1. ## Recursive relations

Hi everyone, i am totally stumped with this section of my coarse work, Maths is not my friend, and my father, who is a maths 1,2 and calculus teacher can't for the life of him work these two out, thus i have resorted to my last ... resort ... ANY help would be greatly appreciated in working out these recursive relations.

a)
an = a(n/2) + n, for n >=2, with a1 = 0
substitute n = 2^k, solve with iteration,

thus,
a2^k = a2^(k-1) + 2^k
= a2^(k-2) + 2^(k-1) + 2^k
=a2^(k-3) + 2^(k-2) + 2^(k-1) + 2^k

Im stumpted here on, not a clue really as all the text book examples and lecturers examples do not follow these patterns.

Also
b)
an = a(n/2) + n^2, for n >=2, with a1 = 0

Not a clue ...

Due tomorrow so im cutting it close, otherwise its a slap on submit job. (no there were 30 other questions i've done this isn't a last minute job, last 2 questions.)

Thank you!!
Mathzea

2. In a), you almost solved it. You unfolded the definition three times. Generalizing from 3 to $i$ we get

$a_{2^k}=a_{2^{k-i}}+2^{k-i+1}+2^{k-i+2}+\dots+2^{k-1}+2^{k}$

What is the limit case? Rewrite this formula when $i=k-1$. This can be summed up using the formula for the sum of geometric progression. Be careful with the second term, which follows $a_1=0$.

3. OH i see what you've done there, however the only information we are given is:

for n >= 2, with a1 = 0, when n is a power of 2.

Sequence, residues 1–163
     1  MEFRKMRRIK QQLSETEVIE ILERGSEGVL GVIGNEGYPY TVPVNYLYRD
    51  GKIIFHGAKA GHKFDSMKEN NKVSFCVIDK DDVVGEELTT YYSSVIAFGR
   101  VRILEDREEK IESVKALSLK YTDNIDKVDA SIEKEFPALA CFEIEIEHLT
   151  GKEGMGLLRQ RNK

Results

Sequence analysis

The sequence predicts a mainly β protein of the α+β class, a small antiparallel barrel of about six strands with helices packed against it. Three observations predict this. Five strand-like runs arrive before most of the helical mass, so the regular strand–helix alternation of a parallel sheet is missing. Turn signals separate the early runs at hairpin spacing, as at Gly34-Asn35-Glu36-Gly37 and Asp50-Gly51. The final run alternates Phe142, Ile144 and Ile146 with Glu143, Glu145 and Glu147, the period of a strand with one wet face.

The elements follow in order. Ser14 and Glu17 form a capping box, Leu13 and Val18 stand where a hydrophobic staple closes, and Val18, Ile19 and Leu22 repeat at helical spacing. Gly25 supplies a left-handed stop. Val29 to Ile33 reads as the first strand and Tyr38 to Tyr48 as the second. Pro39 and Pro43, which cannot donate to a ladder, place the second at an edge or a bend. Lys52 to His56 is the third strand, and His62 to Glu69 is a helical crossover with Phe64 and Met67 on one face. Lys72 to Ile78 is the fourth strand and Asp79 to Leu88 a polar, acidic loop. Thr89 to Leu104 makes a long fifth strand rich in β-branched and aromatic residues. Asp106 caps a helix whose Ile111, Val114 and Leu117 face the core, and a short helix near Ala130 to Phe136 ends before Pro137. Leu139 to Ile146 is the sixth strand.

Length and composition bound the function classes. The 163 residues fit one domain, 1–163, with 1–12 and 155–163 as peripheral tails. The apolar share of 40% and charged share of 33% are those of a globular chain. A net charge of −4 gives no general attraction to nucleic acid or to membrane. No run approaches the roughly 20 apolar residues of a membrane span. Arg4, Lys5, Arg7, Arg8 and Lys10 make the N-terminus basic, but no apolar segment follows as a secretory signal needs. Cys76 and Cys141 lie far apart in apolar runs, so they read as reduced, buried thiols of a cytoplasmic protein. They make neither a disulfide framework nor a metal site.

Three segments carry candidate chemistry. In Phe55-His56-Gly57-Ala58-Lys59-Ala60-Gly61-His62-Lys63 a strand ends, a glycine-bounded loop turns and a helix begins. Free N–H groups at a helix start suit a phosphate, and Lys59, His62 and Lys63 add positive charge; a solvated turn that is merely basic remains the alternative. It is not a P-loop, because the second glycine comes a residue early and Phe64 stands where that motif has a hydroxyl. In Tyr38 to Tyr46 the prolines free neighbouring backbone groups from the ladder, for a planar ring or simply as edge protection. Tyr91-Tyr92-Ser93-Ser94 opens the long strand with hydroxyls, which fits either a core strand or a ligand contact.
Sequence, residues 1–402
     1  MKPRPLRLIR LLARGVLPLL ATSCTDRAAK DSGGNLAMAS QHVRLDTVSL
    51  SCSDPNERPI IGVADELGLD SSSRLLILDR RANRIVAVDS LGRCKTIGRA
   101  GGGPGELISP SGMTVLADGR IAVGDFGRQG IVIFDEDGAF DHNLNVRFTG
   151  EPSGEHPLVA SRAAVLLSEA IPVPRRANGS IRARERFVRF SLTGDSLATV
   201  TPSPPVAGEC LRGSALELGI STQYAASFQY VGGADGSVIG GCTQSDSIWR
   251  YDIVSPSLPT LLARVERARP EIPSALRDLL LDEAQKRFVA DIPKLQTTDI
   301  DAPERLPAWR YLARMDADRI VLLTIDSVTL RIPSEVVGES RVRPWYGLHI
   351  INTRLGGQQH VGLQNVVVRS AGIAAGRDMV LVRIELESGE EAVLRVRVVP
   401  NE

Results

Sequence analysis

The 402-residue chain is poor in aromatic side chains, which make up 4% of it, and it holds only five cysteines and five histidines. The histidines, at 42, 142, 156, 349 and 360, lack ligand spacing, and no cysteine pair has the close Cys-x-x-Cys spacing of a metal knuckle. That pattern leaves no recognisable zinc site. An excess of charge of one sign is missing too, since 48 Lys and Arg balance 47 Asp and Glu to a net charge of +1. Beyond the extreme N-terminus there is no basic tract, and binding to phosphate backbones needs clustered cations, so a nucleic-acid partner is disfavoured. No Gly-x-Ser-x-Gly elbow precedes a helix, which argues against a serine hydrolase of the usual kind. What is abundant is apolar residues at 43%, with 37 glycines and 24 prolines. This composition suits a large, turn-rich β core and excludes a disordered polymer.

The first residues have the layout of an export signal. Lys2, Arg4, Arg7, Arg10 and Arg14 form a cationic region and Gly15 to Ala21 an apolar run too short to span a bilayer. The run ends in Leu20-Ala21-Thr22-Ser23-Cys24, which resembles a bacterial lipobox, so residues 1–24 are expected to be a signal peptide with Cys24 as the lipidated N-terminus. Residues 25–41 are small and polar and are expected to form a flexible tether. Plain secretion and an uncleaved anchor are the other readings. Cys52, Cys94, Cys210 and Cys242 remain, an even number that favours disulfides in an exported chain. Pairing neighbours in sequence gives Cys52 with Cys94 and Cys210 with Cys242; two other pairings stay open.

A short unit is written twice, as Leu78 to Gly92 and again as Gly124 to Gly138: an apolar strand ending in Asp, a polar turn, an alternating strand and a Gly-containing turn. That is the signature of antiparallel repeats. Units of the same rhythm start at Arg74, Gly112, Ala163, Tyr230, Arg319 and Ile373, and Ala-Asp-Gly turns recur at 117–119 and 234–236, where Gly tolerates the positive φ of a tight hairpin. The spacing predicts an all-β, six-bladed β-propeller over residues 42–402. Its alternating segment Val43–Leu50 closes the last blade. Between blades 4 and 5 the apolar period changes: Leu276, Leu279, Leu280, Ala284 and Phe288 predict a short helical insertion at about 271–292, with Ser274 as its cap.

What do you mean by the 'limit case'

Thank you for the reply I'm still a bit lost on the following steps of solving the geometric expression .

Mathzea.

4. "Limit case" is not an official term; I meant what happens when, in the right-hand side of the equation above, you cannot unfold $a_{2^{k-i}}$ according to the definition $a_n = a_{n/2} + n$. This happens when $a_{2^{k-i}}=a_1$, i.e., $2^{k-i}=1$, i.e., $k-i=0$. Actually, I was wrong earlier when I suggested considering $i=k-1$. The limit case happens when $i=k$.

I'm still a bit lost on the following steps of solving the geometric expression
The sum of geometric progression is a standard topic that must be described, in particular, in your textbook. Maybe you can search "Pre-Algebra and Algebra" section of this forum or ask a question there?

5. Ah sweet, thank you very much! My dad was able to help me with the geometric equation in the end . No doubt I will be back come the next fortnight *sigh*.

+1 Thanks again